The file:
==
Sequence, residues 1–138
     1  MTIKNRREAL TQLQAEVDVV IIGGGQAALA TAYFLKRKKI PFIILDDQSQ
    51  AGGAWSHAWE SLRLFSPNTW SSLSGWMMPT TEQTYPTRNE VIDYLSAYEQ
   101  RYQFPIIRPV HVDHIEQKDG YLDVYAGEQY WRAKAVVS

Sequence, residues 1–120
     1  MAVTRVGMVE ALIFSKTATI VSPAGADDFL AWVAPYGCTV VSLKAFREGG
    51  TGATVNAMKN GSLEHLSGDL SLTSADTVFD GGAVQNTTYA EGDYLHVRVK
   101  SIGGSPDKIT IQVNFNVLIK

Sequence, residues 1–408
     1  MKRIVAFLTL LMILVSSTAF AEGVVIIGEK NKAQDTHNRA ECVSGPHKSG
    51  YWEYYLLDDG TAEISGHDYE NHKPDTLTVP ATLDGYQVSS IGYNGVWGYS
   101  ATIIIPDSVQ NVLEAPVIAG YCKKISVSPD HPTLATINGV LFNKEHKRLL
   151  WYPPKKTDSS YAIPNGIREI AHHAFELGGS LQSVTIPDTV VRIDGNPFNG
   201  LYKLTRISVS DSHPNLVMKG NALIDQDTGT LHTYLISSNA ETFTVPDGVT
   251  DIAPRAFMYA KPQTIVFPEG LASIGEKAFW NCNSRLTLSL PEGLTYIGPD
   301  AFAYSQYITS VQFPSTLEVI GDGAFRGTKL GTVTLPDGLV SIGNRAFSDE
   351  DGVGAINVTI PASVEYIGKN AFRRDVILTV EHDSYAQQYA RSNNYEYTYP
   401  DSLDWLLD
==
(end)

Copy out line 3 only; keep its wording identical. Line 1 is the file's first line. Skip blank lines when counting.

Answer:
    51  AGGAWSHAWE SLRLFSPNTW SSLSGWMMPT TEQTYPTRNE VIDYLSAYEQ